Siddhartha Mukherjee: Simon & Schuster Speakers Bureau

Siddhartha Mukherjee

Pulitzer Prize-Winning Author and Oncologist

Siddhartha Mukherjee, M.D., Ph.D., is a leading cancer physician and researcher. He is an assistant professor of medicine at Columbia University and a cancer physician at the CU/NYU Presbyterian Hospital.

In his most recent text, The Gene: An Intimate History, Mukherjee has written a biography of the gene as deft, brilliant and illuminating as his extraordinarily successful biography of cancer. Weaving science, social history and personal narrative to tell us the story of one of the most important conceptual breakthroughs of modern times, Mukherjee animates the quest to understand human heredity and its surprising influence on our lives, personalities, identities, fates, and choices.

Throughout the narrative, the story of Mukherjee’s own family—with its tragic and bewildering history of mental illness—cuts like a bright, red line, reminding us of the many questions that hang over our ability to translate the science of genetics from the laboratory to the real world. In superb prose and with an instinct for the dramatic scene, he describes the centuries of research and experimentation—from Aristotle and Pythagoras to Mendel and Darwin, from Boveri and Morgan to Crick, Watson and Franklin, all the way through the revolutionary twenty-first century innovators who mapped the human genome.

Ten years in the making, his first book, The Emperor Of All Maladies: A Biography Of Cancer is a magnificent “biography” of this shape-shifting and formidable disease that has plagued and riddled humanity for thousands of years.

From the first known reference to cancer on an ancient Egyptian scroll to the epic modern battles to conquer it, Mukherjee approaches this crucial subject with the passion and fixation of a biographer and the flourish of a novelist. The Emperor Of All Maladies is a story that touches on the brilliance and tenacity that frequently make scientific history—and also on the serendipitous discoveries.

Mukherjee introduces audiences to key figures such as Sidney Farber, the father of modern chemotherapy, holed up in the cellar of a Boston hospital and characterized by a colleague as a “cancer maniac,” and William Halsted, bewhiskered, obsessive, and addicted to cocaine, who created and perfected the radical and super-radical mastectomies that became the norm in cases of breast cancer for decades. They learn about the accidental discovery during World War I of mustard gas as a method for killing cancer cells, and from there the experimental evolution into the specialized chemicals that are just deadly enough to kill cancerous cells without killing normal cells.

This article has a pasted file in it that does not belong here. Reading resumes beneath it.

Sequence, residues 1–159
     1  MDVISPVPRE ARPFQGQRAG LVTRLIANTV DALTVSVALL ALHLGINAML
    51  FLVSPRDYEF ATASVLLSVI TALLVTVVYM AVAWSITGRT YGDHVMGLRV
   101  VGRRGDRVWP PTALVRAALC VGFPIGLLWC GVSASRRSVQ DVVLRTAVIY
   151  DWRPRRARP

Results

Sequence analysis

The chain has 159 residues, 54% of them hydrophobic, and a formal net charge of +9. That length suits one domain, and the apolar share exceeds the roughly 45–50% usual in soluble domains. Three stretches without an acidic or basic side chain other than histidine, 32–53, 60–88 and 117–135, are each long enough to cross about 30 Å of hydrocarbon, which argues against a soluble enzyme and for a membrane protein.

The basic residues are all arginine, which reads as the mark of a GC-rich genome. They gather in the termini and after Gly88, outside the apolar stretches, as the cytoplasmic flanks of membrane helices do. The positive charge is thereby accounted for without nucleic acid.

Mukherjee tells these stories with the grand sweep that marks The Emperor Of All Maladies as a work of major literature, seamlessly weaving significant moments in cultural history into the narrative. It is also something more personal: audiences will be moved by Mukherjee’s observations about his own coming of age as a physician—especially in his thoughtful and compassionate consideration of his patients as they soldier through toxic, bruising, and draining regimens to battle a relentless disease that fully envelops their lives.

In the past 50 years, Americans have watched as various strategies in the “War on Cancer” have earned the attention of politicians, physicians, the media and, of course, the public. By the end of 2010, cancer is projected to become the leading cause of death worldwide. Cases of cancer doubled globally between 1975 and 2000, and will double again by 2020, nearly tripling by 2030. In America, one in two men and one in three women will get cancer during their lifetime; one in four will die. Mukherjee and The Emperor Of All Maladies could not deliver a more timely message, and he presents it with such clarity and verve that audiences will feel enlightened, even uplifted, despite those grim figures.

A Rhodes Scholar, Mukherjee graduated from Stanford University, University of Oxford, and Harvard Medical School and was a Fellow at the Dana Farber Cancer Institute and an attending physician at Massachusetts General Hospital and Harvard Medical School. He has published articles in Nature, New England Journal of Medicine, Neuron, Journal of Clinical Investigation, The New York Times, and The New Republic. He lives in New York with his wife and daughters.

As The New Yorker said of his first book, The Emperor of All Maladies, “It’s hard to think of many books for a general audience that have rendered any area of modern science and technology with such intelligence, accessibility, and compassion…An extraordinary achievement.” Riveting, revelatory, and magisterial history of a scientific idea coming to life, and an essential preparation for the moral complexity introduced by our ability to create or “write” the human genome, The Gene is a must-read for everyone concerned about the definition and future of humanity. This is the most crucial science of our time, intimately explained by a master.

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  • The Emperor Of All Maladies: A Biography Of Cancer
  • The Changing Landscape of Cancer
  • The Gene: An Intimate History

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